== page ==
What is a Mirror Will?
28 December 2016
Explained by Head of Wills, Solicitor James Antoniou
Mirror Wills are commonly used by couples that have very similar wishes about what should be written into their Wills. For example, a couple may want to ensure that when the first person dies, everything they individually own is left to the surviving partner.
For most people it’s unlikely that, at the time of making their Wills, the couple will know which of them is going to die first. Their Wills therefore need to cover each scenario.
Well-drafted Wills should also include what should happen when the second partner dies and where they would like their estate to go in those circumstances.
A typical example is where a married couple have children together. The couple may want to leave everything they own to each other when the first person dies and then, when the survivor dies in the future, everything is inherited by their children in equal shares.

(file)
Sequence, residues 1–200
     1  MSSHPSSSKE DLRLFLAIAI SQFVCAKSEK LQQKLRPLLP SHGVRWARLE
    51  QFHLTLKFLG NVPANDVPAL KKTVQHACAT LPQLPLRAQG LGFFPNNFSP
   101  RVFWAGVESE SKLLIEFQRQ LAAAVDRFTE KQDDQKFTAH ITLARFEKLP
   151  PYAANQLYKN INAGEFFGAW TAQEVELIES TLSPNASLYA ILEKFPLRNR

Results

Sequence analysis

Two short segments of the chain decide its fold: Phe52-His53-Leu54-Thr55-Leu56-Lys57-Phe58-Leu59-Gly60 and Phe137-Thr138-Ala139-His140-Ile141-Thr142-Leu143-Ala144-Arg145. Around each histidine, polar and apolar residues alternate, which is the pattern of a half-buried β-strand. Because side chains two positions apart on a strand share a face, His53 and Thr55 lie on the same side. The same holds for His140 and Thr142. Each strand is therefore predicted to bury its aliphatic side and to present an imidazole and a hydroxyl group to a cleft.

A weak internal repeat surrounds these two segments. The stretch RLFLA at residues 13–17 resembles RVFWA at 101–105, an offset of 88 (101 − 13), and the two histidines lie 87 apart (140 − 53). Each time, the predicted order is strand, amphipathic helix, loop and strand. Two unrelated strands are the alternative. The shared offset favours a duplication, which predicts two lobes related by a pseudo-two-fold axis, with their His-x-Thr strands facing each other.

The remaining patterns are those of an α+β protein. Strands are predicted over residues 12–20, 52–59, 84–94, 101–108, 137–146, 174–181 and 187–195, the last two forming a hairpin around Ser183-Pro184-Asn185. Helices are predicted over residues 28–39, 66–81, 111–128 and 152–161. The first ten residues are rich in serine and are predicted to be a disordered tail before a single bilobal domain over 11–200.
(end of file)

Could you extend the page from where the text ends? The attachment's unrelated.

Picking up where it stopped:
Because the couple do not know who is going to die first or second, the Wills that the couple put in place are identical insofar as the beneficiaries are the same regardless of which of them dies first or last.
These types of Wills are known as Mirror Wills. The term 'mirror' is used to demonstrate that each Will is a reflection of the other.
Making Mirror Wills together as a couple is cheaper than writing two single Wills containing different beneficiaries, so it’s more cost efficient for couples to make Mirror Wills.
If you would like to know more about Mirror Wills and whether they suit your requirements please contact us for free initial advice and guidance.